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< Back to question Have emojis changed the world? Show more Show less

In just two decades, emoji has become ‘the fastest growing language in history’. But are there more complex implications to their popularity? With more than 92% of internet users now using emojis, and billions used every day, do the simple digital pictograms have wider implications for society, relationships and even the way we're hardwired?

No, the impact of emojis is exaggerated. Show more Show less

The growth in emoji use is part of the much more transformative digital revolution. Emojis are impactful insofar as they enhance (or diminish) existing forms of communication. However, they have no revolutionary impact in and of themselves.
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Emojis are a subsidiary of mainstream communication and language

Emojis enhance (or diminish) existing forms of communication, which they exist within. They are unable to exist without the structure or depth of another language and cannot be seen as independent from "real" languages.
communication emojis instagram phones snapchat technology texting tiktok
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Proponents


Context

Shigetaka Kurita invented emojis in 1999 to make communication easier on early mobile phones. His original purpose has sustained over the last two decades as emojis have become exponentially popular. It is misguided to refer to emojis as a language, because they enhance existing conversations, rather than act as a standalone language.

The Argument

Emojis are a non-essential part of communication. Language and conversation can exist without emojis; emojis cannot exist without other forms of language. While emojis are able to convey a vast amount of information succinctly, they are in no way able to be used to have a full, complex conversation as true languages can. Even with the more than 3000 recognized emojis, the symbols alone are simply incapable of the depth necessary for conversation. For example, emojis typically depict single faces or objects which represent emotions, abstract entities, or simply objects. While a surface level conversation made up of emojis might be possible, emojis cannot offer much more. Another issue that goes hand in hand with this is that emojis do not allow for precision of language. While most languages have many different parts of speech such as verbs, nouns, adjectives, adverbs, and the like, emojis are merely symbols. If any conversation was able to be had with emojis, then there would surely be room for much error as emojis are able to take on a plethora of meanings. In this way, not only are emojis incapable of comprehensive conversation, they are also incapable of precise conversation.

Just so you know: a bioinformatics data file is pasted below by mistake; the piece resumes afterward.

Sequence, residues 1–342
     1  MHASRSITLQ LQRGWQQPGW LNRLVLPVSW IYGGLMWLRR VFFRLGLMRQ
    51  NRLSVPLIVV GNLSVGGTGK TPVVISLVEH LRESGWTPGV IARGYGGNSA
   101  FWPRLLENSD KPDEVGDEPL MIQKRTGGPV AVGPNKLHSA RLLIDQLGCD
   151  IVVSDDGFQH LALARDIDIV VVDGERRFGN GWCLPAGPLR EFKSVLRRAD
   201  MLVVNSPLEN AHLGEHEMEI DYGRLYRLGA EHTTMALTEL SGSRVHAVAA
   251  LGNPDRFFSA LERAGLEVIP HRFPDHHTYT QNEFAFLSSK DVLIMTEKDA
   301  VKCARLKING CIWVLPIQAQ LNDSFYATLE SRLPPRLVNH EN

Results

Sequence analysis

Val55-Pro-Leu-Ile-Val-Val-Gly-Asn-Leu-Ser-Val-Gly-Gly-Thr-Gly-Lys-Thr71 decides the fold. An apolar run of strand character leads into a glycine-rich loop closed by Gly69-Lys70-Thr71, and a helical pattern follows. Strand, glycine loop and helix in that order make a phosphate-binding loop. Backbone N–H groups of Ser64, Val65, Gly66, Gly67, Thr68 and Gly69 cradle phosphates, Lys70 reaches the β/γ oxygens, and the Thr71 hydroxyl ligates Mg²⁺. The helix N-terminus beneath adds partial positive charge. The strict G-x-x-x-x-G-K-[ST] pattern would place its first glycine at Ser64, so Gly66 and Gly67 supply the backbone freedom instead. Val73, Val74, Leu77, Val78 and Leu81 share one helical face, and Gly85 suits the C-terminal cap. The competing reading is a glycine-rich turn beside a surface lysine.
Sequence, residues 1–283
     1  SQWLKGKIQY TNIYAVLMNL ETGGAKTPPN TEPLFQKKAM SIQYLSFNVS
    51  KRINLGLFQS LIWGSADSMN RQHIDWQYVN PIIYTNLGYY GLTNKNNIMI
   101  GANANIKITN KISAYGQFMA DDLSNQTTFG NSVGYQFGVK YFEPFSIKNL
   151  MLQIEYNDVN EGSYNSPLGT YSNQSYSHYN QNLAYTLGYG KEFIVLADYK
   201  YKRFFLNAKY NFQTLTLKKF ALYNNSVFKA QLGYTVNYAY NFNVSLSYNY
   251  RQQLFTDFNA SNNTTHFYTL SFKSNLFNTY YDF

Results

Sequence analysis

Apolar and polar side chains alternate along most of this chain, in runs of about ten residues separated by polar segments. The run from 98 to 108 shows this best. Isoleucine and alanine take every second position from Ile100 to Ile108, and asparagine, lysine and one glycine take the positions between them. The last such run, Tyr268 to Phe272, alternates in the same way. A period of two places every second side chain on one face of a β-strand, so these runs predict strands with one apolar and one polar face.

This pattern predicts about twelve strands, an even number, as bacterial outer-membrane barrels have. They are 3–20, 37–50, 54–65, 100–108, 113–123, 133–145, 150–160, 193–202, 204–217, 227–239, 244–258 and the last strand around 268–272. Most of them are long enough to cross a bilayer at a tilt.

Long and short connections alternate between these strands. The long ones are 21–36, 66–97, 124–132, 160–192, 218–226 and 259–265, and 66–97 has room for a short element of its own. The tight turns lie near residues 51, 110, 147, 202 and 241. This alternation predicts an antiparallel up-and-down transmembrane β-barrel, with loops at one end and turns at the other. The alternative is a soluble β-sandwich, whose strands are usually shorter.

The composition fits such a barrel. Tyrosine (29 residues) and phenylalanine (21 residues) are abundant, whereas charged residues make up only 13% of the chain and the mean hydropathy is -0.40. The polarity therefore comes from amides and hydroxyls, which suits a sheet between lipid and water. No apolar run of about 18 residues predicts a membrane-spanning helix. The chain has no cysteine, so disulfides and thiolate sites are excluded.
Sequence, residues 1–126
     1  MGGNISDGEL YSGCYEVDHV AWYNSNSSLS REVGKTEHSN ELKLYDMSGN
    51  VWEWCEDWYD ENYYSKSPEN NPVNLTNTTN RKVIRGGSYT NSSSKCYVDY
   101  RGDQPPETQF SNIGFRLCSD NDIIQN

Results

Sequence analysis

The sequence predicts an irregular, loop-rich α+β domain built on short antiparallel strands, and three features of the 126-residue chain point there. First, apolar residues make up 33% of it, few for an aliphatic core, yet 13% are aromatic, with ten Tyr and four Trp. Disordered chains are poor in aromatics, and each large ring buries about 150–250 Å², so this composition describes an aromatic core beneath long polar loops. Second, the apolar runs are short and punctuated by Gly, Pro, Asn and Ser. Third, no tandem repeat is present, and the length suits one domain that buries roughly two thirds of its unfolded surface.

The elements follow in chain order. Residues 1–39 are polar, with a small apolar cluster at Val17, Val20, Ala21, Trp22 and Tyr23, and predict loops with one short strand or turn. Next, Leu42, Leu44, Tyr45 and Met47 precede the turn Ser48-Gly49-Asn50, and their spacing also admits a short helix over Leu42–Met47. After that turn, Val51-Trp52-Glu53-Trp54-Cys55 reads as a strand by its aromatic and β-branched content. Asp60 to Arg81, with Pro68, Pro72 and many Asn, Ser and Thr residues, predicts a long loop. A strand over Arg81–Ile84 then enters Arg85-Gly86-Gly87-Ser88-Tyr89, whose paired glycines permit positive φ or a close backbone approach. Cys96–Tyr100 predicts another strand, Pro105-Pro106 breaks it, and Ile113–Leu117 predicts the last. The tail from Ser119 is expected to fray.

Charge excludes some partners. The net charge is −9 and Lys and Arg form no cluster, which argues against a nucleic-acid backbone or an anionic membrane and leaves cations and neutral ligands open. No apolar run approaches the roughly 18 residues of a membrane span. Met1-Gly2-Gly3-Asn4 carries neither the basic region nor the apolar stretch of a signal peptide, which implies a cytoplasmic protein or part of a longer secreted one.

Counter arguments

Over 8 billion emojis are sent daily. It is incorrect to describe them as "non-essential" given that they are now so ingrained in the way different populations interact. Emojis can be used independently of words. Emojis typically depict objects, but there are many emojis that represent abstract entities (such as colors or other signifiers), or have taken on an alternative metonymic meaning. With the wide array of emojis available, there are countless combinations to express exactly what is intended in conversation. A conversation between two people can, in theory, be done entirely with emojis. If both parties agree upon a meaning for each emoji used, and both understand them well enough, they can carry out a full conversation with only emojis. A similar concept are the Kanji symbols in written Japanese which express entire words or ideas in a single symbol. So emojis. when used to this same level, can indeed become an essential and universal part of language and communication.

Premises

[P1] Due to their ambiguous nature, there is no proof that emojis add meaning to written communication. [P2] Emojis require existing conversation or statements to have an impact

Rejecting the premises

[Rejecting P1] Emojis add meaning to conversation or statements. [Rejecting P2] Emojis can symbolize entire words or thoughts, and can carry an entire conversation if both parties understand and agree upon a set meaning for each emoji used.

References


    This page was last edited on Saturday, 15 Aug 2020 at 16:12 UTC

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